The night race at Losail International Circuit has been in the planning stages for some months, but the announcement had to wait for the commercial arrangements to be finalised, and will take place on the 19-21 November.
The negotiations led to a long-term deal to run an event in Qatar for 10 years from 2023 to 2032.
There will be no grand prix in 2022 as the country will focus on hosting the FIFA World Cup that will start exactly a year after the first F1 race. The event will then return in 2023 at a yet-to-be-confirmed venue, with a new circuit now in the planning stages.
In a statement F1 noted: “There was a strong will from Qatar to be helpful to F1, and in the course of this process, the vision for a longer partnership was discussed and agreed for 10 years.
“The step from the gesture to be helpful to F1 in 2021 to a long-term strategy was short and simple and the vision for F1 to be the showcase for Qatar after the FIFA World Cup in 2022 was the driving force behind this long-term agreement.
“As part of the longer-term deal, discussions will continue regarding the location for the grand prix from 2023 with further details to be provided at a later time.”
Abdulrahman Al Mannai, President Qatar Motor and Motorcycle Federation, Stefano Domenicali, President and CEO F1
Photo by: Formula 1
Qatar becomes the championship’s fourth lucrative venue in the Middle East, joining Bahrain, Abu Dhabi and Saudi Arabia. The move reflects F1’s increasing reliance on the region for funding, as well as Qatar’s desire to build on the exposure created by the World Cup.
F1 CEO Stefano Domenicali said the entire championship can be “proud” of being able to put together a 22-race calendar in 2021 amid the COVID-19 pandemic and is delighted to secure a long-term agreement with Qatar from 2023.
“We are very pleased to welcome Qatar to the Formula 1 calendar this season and for the longer term from 2023,” Domenicali said. “The Qatar Motor & Motorcycle Federation and Authorities have been incredible and have moved at great speed to ensure the race can take place this season at the Losail Circuit, famous to many as the host of MotoGP.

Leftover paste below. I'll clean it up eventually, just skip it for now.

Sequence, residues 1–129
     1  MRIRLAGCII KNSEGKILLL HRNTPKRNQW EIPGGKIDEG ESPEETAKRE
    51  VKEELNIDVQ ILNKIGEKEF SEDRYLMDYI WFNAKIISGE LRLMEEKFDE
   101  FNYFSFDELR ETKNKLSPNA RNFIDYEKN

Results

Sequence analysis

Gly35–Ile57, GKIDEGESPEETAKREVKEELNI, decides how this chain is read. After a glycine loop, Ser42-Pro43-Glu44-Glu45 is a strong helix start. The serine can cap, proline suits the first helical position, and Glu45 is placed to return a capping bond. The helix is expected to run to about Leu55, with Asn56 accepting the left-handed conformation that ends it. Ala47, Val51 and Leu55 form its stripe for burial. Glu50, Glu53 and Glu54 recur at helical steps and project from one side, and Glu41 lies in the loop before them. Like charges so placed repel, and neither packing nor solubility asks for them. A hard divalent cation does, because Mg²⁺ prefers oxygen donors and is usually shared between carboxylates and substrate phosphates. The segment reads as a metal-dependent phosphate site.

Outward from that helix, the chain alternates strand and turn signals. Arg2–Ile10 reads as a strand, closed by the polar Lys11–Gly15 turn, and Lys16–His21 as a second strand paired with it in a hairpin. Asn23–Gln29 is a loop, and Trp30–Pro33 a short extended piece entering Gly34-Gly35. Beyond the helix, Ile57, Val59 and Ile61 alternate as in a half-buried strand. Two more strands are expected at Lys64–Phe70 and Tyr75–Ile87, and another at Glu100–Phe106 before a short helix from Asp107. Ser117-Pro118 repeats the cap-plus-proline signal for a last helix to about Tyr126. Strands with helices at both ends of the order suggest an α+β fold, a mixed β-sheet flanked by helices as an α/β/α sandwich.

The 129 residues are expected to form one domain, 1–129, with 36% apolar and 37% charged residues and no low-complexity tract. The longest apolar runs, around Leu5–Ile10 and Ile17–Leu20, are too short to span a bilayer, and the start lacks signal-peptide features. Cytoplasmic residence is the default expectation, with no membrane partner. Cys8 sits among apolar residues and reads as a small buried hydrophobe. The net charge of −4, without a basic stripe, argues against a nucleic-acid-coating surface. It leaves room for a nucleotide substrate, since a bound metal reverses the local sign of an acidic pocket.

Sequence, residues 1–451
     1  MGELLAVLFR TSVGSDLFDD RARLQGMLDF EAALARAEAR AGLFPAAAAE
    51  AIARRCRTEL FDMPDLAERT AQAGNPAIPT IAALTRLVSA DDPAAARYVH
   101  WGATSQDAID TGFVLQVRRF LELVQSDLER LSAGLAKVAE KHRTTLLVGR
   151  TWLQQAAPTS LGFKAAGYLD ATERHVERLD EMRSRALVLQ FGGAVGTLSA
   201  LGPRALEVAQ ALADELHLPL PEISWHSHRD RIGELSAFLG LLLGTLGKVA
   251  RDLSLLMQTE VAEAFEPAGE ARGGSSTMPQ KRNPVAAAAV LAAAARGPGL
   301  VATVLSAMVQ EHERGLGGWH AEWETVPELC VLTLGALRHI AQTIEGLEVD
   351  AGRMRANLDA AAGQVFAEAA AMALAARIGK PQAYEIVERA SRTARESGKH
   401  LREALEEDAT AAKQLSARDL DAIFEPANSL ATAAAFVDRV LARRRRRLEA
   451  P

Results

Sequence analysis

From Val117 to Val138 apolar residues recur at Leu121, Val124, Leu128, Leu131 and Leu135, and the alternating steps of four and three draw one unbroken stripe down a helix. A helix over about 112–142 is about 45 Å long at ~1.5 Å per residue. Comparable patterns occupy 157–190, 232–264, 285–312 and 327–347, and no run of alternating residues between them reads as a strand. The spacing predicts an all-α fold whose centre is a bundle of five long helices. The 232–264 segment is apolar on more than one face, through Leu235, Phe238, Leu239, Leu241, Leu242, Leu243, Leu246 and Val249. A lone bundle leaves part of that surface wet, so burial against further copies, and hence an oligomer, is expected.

“We have shown that we can continue to adapt and there is huge interest in our sport and the hope from many locations to have a grand prix. The huge effort from all the teams, F1 and the FIA has made it possible to deliver a 22-race calendar, something that is very impressive during a challenging year and something we can all be proud of.”
Losail first emerged as a potential venue as long ago as June after other flyaway races were cancelled amid the ongoing restrictions enforced by the COVID-19 pandemic. Essentially F1 began to review circuits outside Europe that have an FIA Grade 1 licence and that would potentially be candidates for a race in both logistical and commercial terms.
Opened in 2004, Losail has been a permanent fixture on the MotoGP schedule ever since. Lighting was added to the venue in 2007, creating MotoGP’s first night event.
Jack Miller, Ducati Team
Photo by: Ducati Corse
It has only rarely been used for top level car racing. A round of the GP2 Asia championship was held in February 2009, with the two races won by Sergio Perez and Nico Hulkenberg, while the NASCAR-based Speedcar series that featured former F1 drivers also visited the same year. Three rounds of the WTCC were also held at the track between 2015 and 2017.
FIA race director Michael Masi and F1’s sporting director Steve Nielsen visited the venue after the Hungarian GP in order to assess what changes would be required to make it suitable for a grand prix.
The list included a revised pit entry and modifications to some kerbs and barriers, as well as new team hospitality buildings in the paddock. That work has been undertaken in recent weeks.
Perez, the only current F1 driver to have raced at Losail, said: “I hardly remember the circuit. I remember that it was very smooth, because it was done for MotoGP. I think it will be a good place.”